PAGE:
In 2010 the church joined the Carbon Reduction Benchmarking Scheme. It was found that the annual carbon footprint of the church building was 35.2 tonnes CO2, which was 11% higher than that of the standard building carbon footprint. The building’s environmental performance was rated as poor. We were expected to achieve a 27% reduction by 2015 to achieve an average carbon footprint for our type of building.
The decision to redevelop the church building in 2010 provided a timely opportunity for us to make a step-change in reducing our environmental impact.
The Green Group researched options and submitted ideas for how the church could make the building greener. All of its recommendations were incorporated into the plans and the group, along with the redevelopment steering group, worked closely with the architects to incorporate as many green features into the plans as possible. These included:
- Double glazing for doors and windows
- Improved insulation of the walls and ceilings
- New, much more efficient, gas boilers for the central heating
- Installation of solar panels and a ground source heat pump in a new room
- Installation of rainwater harvesting system to flush the toilets
- More efficient lighting throughout the building i.e. rewiring and LED lighting with microwave sensor control of public corridors
- A wildflower garden to increase biodiversity
- Recycling as many materials as possible – for example the wooden pews were donated to Grassmarket Community Project for furniture making, the old curtains were recycled to make shopping bags and old carpets were re-used for the stairs.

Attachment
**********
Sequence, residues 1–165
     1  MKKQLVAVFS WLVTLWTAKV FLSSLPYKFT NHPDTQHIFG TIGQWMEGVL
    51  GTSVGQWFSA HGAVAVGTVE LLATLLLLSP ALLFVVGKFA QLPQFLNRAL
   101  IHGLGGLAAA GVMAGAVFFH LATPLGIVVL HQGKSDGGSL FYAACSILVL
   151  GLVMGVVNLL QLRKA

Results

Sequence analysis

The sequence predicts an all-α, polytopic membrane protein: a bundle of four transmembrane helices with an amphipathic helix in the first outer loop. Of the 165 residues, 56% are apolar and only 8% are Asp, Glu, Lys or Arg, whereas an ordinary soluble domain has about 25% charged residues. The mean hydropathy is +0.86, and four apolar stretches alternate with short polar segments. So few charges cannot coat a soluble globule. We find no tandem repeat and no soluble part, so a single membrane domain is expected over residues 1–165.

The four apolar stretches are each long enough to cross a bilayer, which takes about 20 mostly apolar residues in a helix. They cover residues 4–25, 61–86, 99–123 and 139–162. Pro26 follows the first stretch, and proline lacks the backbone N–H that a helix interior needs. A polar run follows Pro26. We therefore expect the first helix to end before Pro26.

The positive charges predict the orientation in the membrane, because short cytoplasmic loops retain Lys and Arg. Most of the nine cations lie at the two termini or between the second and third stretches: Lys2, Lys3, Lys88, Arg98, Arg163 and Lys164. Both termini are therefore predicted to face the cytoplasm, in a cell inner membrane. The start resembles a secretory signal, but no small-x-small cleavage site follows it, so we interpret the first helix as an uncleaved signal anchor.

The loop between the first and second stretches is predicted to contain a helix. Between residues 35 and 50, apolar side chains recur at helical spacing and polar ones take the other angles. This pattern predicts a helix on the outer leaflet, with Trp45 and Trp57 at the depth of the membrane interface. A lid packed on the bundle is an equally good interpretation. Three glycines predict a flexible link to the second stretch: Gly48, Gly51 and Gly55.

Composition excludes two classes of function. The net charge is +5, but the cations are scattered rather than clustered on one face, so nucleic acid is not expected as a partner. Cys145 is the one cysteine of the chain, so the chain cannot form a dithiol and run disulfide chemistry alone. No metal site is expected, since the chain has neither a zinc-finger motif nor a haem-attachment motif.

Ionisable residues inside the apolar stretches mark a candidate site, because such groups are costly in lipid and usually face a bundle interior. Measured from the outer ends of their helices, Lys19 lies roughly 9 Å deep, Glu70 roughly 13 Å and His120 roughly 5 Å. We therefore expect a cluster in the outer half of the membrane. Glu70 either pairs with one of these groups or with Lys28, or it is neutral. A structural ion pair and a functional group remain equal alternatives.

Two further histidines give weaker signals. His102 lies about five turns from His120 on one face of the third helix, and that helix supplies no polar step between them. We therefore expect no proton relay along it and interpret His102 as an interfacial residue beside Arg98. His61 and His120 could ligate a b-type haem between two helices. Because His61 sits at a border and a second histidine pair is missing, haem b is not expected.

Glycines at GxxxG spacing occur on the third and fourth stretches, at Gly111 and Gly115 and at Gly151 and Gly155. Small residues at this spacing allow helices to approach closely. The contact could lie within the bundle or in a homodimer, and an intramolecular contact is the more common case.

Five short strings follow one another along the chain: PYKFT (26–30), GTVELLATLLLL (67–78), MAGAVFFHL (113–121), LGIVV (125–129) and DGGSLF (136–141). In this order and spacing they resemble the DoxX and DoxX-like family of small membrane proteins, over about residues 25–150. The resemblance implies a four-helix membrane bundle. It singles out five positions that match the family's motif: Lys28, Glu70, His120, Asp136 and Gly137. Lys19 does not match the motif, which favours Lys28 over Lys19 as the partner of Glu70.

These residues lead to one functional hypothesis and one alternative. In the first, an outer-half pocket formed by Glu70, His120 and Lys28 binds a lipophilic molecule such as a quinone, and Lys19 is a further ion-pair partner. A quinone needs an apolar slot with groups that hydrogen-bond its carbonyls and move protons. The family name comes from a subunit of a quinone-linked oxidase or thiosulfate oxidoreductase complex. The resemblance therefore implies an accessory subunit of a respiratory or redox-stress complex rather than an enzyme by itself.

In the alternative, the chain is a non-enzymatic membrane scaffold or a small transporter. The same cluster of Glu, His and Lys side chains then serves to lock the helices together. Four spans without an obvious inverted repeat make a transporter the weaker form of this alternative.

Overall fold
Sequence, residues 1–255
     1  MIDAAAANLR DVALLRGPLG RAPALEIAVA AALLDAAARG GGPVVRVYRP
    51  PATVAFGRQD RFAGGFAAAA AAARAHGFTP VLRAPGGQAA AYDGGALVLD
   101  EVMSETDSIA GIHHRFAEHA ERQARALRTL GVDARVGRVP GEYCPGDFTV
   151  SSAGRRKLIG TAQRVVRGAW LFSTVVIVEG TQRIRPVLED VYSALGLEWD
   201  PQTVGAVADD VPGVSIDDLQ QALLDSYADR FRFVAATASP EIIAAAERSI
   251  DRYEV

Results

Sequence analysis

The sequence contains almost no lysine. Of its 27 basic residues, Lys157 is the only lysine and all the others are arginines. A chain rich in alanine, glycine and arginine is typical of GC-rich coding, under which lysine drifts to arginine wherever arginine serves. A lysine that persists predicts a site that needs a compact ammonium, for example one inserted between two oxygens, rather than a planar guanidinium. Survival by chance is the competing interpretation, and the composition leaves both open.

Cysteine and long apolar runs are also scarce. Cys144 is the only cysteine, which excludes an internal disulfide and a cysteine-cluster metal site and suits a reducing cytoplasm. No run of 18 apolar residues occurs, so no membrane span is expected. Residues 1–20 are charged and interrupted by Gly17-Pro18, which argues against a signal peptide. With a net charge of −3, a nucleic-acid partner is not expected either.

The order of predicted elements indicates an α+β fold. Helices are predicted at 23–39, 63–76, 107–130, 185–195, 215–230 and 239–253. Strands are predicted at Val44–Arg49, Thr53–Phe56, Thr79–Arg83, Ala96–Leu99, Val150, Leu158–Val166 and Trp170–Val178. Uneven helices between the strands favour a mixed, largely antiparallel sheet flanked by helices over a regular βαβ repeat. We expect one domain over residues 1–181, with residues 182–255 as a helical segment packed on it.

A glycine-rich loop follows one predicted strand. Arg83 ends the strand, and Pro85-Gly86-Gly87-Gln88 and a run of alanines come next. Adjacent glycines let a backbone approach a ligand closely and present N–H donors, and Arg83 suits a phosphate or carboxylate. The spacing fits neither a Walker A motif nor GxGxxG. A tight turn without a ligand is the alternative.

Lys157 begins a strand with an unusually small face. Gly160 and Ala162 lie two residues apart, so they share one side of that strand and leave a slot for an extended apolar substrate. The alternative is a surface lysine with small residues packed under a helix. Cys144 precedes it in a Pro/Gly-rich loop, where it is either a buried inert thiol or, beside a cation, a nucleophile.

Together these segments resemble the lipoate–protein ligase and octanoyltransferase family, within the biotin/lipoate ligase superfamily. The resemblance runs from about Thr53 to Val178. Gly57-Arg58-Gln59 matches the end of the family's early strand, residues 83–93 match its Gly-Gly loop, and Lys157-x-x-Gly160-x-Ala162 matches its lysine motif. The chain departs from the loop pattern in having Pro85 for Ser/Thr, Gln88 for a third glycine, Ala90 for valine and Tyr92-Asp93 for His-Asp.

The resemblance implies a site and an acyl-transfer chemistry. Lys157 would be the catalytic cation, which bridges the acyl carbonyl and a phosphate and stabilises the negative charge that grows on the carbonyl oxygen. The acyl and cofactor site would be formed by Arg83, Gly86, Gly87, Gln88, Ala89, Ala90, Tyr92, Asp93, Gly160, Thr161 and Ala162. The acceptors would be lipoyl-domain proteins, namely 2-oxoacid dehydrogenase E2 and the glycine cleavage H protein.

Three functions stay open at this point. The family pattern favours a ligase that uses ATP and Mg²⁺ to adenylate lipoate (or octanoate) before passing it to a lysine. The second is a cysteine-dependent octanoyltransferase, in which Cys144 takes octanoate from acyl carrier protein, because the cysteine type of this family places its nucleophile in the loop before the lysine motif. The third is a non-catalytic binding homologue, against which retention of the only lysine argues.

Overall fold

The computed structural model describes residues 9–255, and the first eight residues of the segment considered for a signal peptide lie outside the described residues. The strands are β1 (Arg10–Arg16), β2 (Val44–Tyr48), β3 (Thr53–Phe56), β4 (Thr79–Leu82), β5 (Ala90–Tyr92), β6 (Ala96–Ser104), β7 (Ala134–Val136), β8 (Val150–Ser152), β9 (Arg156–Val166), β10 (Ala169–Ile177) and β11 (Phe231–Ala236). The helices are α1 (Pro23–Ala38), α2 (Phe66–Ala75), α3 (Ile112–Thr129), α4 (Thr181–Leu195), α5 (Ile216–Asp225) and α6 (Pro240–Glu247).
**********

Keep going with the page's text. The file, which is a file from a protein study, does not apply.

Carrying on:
After 4 years of fundraising and 14 months of building work the refurbishment of the building was completed in 2014.
Because of all the measures that we were able to incorporate into the scheme the church premises has successfully reduced its carbon footprint from around 40 tonnes of CO2 emissions per year in 2005 to on average 16 tonnes of CO2 emissions per year in the last 5 years. (This excludes 2020 which was exceptional because of the pandemic.)
The redevelopment opened up new spaces and better facilities for church and community use. Although the number of people using the church has increased substantially, we have been able to reduce our overall environmental impact.
Alongside the massive amount of work associated with the redevelopment, much work continued to deepen the integration of environment concerns into the life of all church activity.
The theme of stewardship was included in various church group programmes:
Speakers from Stratford Transition Town, the Director of Recycling from Stratford District Council and Act on Energy Warwickshire were invited to the Men’s Meeting Point.
A visit to the recycling firm “Pure” was organised for church friends.
A harvest workshop organised by the Wesley Baby & Toddler group had strong environmental theme.
Environmental themes were incorporated in Brunch for children.
In 2014, following the completion of the redevelopment of the church premises, we were awarded a 3rd Eco-Congregation award.